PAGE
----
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    The top overlooked technologies your dental practice should be thinking about

    Embracing these technologies could make a big difference in your dental practice.

    Microsoft did an interesting study a few years ago. The company had decided to upgrade and redesign one of their flagship products, Microsoft Office. In the company’s opinion (and from user satisfaction surveys as well) Microsoft learned that, while effective and beloved by almost all users, there were areas that were definitely in need of improvement.

    So... what can we glean from this quick little story that we can apply to our treatment, our patients, … heck, maybe even our lives in some small way?

    The lesson is to always keep your eyes open for small things that can have a big impact, today or in the future.

    More from Dr. Flucke: Dr. Flucke's top 5 test drives of 2015

    Curing lights and curing technology 

    If you‘ve ever been to one of my lectures on restorative techniques, chances are you’ve heard me say that curing lights and curing in general are the “red-headed stepchild of dentistry.” Now by that I don’t mean to insult my ginger-headed friends in the profession. Au contraire! By that phrase I mean that a very important and strategic piece of the restorative process often doesn’t get the love and attention it deserves.

    Many offices just figure that if the light turns blue when I push the button, the composite must be set; or if the composite “feels” set when I scratch it with an explorer then it must feel the same all the way through. However… is it really? You see those are the kinds of questions that keep me awake at night (it’s not always easy being me, trust me…). These are the kinds of things that have me filling extracted teeth and then sectioning them… heck and even then I’m still not 100 percent sure because after all, what in the world is 100 percent right?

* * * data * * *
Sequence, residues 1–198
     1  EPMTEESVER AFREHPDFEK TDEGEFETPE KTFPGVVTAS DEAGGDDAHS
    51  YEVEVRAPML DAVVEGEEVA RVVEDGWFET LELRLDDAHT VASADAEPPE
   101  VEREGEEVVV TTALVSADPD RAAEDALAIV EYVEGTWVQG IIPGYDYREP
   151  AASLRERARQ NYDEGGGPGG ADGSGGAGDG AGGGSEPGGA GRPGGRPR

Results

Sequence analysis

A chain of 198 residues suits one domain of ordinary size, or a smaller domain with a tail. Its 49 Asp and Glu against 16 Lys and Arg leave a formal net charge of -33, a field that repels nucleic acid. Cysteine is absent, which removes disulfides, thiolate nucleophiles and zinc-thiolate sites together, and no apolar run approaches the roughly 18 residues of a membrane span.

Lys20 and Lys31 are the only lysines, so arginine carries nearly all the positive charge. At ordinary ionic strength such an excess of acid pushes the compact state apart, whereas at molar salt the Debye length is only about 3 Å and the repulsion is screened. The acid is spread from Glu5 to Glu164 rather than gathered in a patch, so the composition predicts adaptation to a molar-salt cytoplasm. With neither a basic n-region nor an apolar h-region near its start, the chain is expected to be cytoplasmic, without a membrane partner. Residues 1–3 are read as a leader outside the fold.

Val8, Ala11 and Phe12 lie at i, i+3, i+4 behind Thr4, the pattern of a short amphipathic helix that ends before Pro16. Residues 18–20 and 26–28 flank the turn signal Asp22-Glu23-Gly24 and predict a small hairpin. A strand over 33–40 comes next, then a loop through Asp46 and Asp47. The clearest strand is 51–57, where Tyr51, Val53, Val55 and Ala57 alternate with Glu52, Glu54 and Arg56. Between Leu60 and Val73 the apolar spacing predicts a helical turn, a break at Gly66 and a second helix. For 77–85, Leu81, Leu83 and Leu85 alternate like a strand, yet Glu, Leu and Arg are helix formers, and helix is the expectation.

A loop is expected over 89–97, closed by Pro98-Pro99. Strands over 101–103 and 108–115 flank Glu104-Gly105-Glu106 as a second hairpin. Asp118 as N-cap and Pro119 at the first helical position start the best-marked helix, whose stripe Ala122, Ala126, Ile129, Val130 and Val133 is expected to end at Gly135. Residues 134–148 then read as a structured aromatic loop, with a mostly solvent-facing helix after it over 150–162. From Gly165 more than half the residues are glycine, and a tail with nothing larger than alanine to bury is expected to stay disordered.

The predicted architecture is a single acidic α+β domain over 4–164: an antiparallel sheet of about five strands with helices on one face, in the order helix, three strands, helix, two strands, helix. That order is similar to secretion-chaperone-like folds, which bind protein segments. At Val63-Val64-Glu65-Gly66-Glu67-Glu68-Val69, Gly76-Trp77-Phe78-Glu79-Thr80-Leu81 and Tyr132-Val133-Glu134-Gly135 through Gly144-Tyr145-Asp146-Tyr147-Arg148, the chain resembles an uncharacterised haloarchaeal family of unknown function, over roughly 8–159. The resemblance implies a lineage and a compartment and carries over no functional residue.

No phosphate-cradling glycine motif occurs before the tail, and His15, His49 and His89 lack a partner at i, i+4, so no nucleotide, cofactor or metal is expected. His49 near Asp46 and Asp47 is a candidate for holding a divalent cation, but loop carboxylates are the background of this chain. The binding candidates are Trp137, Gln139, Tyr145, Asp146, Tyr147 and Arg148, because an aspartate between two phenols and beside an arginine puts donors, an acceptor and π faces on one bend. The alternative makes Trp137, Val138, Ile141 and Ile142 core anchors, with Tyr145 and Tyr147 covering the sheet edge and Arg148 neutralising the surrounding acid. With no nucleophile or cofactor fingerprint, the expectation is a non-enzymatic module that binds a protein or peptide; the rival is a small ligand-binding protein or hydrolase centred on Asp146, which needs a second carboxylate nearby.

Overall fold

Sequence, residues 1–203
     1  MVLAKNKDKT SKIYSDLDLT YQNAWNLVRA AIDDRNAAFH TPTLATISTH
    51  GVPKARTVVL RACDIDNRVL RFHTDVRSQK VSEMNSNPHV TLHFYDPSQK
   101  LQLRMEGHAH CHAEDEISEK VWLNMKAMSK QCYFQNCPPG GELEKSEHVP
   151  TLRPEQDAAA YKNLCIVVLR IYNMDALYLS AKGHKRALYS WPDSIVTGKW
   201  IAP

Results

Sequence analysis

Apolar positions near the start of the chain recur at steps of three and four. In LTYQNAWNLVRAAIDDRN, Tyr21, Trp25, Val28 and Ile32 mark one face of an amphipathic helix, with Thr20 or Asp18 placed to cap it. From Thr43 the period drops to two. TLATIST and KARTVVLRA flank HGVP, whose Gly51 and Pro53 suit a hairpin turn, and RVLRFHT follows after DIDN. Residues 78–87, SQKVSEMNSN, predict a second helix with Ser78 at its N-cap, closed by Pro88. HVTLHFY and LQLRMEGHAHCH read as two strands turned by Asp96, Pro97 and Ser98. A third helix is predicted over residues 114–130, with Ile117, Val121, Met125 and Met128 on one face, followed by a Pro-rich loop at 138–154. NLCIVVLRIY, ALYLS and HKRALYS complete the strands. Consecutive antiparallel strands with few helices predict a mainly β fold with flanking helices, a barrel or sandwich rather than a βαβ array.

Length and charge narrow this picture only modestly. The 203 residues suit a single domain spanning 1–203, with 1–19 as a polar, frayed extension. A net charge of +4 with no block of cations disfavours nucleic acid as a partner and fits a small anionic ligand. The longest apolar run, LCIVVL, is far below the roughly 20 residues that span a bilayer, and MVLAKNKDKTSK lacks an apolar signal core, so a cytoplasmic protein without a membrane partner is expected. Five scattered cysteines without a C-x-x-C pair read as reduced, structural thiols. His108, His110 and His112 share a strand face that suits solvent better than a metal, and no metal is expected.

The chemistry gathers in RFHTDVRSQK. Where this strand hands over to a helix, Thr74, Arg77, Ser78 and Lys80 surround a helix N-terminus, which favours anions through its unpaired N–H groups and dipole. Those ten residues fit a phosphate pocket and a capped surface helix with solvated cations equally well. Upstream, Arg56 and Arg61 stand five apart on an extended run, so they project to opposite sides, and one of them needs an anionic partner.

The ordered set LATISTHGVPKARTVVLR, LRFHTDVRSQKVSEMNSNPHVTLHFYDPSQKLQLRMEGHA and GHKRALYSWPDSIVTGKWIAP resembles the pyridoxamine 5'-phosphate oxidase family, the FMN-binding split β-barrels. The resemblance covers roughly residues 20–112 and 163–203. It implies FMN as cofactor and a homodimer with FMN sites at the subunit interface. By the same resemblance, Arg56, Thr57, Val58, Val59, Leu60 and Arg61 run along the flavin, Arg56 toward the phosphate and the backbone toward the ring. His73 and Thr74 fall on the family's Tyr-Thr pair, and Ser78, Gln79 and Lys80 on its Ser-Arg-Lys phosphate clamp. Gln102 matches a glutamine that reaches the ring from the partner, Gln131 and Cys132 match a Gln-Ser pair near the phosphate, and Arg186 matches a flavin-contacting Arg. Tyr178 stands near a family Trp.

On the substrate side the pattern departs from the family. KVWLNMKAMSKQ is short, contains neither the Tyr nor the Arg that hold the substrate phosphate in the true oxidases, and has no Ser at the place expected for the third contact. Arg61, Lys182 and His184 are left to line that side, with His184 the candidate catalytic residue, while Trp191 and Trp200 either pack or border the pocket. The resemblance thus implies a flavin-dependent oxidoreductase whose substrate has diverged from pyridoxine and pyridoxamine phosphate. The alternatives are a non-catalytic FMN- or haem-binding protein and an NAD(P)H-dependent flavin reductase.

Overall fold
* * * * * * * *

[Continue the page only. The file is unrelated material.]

More from Dr. Flucke: The state of technology in dentistry

    A few quick tips that will hopefully help if you are like me. You cannot over-cure a composite. What you want is a chemical reaction that is as completely set as possible. This is accomplished by getting the light as close to the material as possible and using multiple exposures of the material to the light. This helps provide a long chain polymerization reaction. These long chain molecules are strong and help to create a strong bond of the material to the tooth.

    While you cannot over-cure a composite, you can overheat a tooth with a curing light. This can be done by using the light repeatedly without giving the tooth a chance to cool off between curing cycles. This can be easily remedied by simply allowing a few seconds for the tooth to cool down, as well as spraying it with air.

    Continue to page two for more...


    Dr. John Flucke
    Dr. John Flucke is in private practice in Lee’s Summit, Mo. He also serves as technology editor for Dental Products Report magazine and ...


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